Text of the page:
Using the same basic technique with minor modifications, we can derive SEs for the portion of availtime-calculated downtime which is actually due to waiting for parts and customer deferral (see Figure 2).

The bootstrap is not without its weaknesses. For example, outliers captured in S0 will tend to exaggerate the calculated SE. But the effect of this problem is to understate, rather than overstate, certainty in the estimate of A(P). In other words, it leads to more conservative reporting. We wholeheartedly recommend the bootstrap technique to those seeking a measure of uncertainty around estimates when a classical determination of such a measure is not readily available.



Figure 3: NFS data availability from availtime data (includes waiting for parts and customer deferred downtime). This graph shows the estimates of NFS data availability gotten from availtime data alone, for different sets of availtime systems. Bootstrapped SE bars are also included (M = 5000 resamples). This graph excludes the operator failures and power outages depicted in Figure 1. Note the overlap of the ``All'' and ``Select'' categories, for both clustered and standalone configurations. This implies that data availability can reasonably be considered a property of the population. Note also that the difference between aggregate clustered and standalone configuration availabilities is highly significant. This difference demonstrates that clustering is an effective tool for achieving HA.


Discretionary Data Availability

Beginning with the empirical data summarized in Figure 1, we factor out power and operator failures, leaving all hardware-and software-related outages. This extraction takes us as close as possible to an estimation of discretionary availability using availtime data alone.

We then apply the bootstrap resampling procedure to compute SEs (M = 5000 resamples), and display the results in Figure 3. We already have the results of the Customer Support analysis of waiting for parts and customer deferral in Figure 2, also with bootstrapped SEs (M = 5000 resamples). It remains only to combine these results into a cohesive whole.

We proceed as follows: the availtime-derived availability Aa, as shown in Figure 3, is equal to 1-P(down), where P(down) is the probability that a system-service will be down in any small sliver of time due to product failure, waiting for parts, or customer deferral. The probability that a system-service is down in any small sliver of time due to product failure, given that the system is down, is shown by the first data point in Figure 2: call this P(prod|down).

What we want is the discretionary availability Ad, which is given by 1 - P(prod), where P(prod) is the probability that a system-service will be down in any small sliver of time due to product failure. Taking these probabilities as independent, Bayes' rule tells us that Ad = 1 - P(prod) = 1 - P(down)P(prod|down).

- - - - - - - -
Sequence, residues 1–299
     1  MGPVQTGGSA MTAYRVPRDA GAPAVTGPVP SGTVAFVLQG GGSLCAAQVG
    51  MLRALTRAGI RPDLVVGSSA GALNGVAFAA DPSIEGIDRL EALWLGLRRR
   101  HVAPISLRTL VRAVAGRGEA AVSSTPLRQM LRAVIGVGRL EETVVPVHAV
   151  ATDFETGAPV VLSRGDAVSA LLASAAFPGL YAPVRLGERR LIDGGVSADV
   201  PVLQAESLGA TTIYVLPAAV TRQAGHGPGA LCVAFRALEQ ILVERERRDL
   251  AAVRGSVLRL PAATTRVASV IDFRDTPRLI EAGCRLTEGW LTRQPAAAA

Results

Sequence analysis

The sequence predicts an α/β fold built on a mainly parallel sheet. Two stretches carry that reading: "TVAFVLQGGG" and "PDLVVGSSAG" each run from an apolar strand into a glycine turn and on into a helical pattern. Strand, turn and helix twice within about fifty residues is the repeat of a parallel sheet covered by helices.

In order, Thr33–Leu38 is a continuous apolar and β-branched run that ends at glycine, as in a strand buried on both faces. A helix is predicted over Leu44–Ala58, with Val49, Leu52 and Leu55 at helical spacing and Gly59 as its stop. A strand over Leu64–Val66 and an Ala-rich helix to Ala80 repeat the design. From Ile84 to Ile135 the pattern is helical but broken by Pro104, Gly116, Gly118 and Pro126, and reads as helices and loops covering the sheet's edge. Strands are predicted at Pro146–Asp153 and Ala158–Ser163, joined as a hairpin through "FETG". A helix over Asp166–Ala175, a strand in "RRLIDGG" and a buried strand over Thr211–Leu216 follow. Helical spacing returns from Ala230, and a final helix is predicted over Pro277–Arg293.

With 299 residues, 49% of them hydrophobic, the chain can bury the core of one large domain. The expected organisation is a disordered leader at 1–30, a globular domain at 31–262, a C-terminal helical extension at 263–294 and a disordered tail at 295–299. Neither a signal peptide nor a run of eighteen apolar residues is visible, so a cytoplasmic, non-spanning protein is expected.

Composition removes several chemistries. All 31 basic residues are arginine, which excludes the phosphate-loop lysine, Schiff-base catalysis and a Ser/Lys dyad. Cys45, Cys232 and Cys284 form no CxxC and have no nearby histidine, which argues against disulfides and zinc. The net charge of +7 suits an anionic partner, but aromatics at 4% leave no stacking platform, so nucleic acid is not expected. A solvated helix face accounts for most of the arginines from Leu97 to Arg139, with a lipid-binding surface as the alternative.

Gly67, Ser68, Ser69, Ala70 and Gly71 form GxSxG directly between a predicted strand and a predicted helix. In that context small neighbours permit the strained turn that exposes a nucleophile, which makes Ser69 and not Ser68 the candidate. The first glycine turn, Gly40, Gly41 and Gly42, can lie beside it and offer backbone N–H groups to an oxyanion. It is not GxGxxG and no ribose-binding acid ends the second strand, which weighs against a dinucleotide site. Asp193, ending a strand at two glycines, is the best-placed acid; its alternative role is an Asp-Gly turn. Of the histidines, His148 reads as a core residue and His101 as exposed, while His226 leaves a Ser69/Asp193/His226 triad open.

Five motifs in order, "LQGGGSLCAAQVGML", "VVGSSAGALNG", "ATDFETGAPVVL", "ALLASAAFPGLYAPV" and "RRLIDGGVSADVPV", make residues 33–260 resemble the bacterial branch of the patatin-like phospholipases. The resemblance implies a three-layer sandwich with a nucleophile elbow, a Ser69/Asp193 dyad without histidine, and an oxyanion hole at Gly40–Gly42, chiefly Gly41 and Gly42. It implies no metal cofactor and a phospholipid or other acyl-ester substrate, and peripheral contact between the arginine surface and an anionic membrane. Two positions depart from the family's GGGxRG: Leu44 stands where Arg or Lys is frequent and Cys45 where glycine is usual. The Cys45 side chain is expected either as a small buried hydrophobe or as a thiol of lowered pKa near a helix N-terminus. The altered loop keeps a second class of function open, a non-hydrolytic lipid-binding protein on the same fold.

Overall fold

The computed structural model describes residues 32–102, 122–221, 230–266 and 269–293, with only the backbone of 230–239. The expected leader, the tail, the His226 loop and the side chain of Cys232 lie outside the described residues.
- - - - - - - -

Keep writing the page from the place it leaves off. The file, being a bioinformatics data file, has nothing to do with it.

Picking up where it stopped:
To get an SE for Ad, we notice that SE(Ad) = SE(P(down)P(prod|down)). We can then solve for SE(Ad) by using the well-known technique for propagating SEs of two independent random variables into their product, so that


Here, E(.) denotes the expectation (average). The results are displayed in Figure 4. This completes our estimation of real-world filer-NFS discretionary data availability.

Conclusions and Direction

It is possible to track discretionary product-service availability in the real world: We believe that the similarity between the results for all sites and the results for ``select'' sites in Figure 4 also demonstrates that the procedures we're using to generate, collect, filter, and aggregate the data are giving a fair and objective view of discretionary availability.



Figure 4: Filer-NFS discretionary data availability: population estimates. This graph shows the estimated filer-NFS discretionary data availability, for different sets of availtime systems. The values are derived from the data shown in Figures 2 and 3. SE bars are also included, derived from those in Figures 2 and 3 using classical error propagation analysis. Note that the difference between aggregate clustered and standalone configuration availabilities remains highly significant after adjustment for discretionary outages. This difference demonstrates that clustering is an effective tool for achieving HA.


NetApp clusters provide 99.99% availability: Figure 4 shows that nodes in a clustered configuration provided greater than 4-nines discretionary NFS data availability in the field. Nodes in a standalone configuration are shown to be within the margin of error of 4-nines, as well.

A clustered configuration does provide higher data availability in the real world: As Figure 4 shows, clustered systems provided significantly better availability than standalone systems. A common rule-of-thumb for determining whether two sample means are different, given rigorously measured SEs, is to check whether the error bars of the two measurements are mutually exclusive. In this case, they are separated by this distance twice over.

This observation fits with prediction, since the point of a cluster is to allow one head to serve data for its own and another data node while the second head is down. This results in only a brief non-discretionary outage during takeover, during which NFS file service would be unavailable.

Redundancy of paths to disks also provides higher data availability. All clustered nodes have that while most unclustered nodes do not, since the feature was only introduced within the timeframe measured here.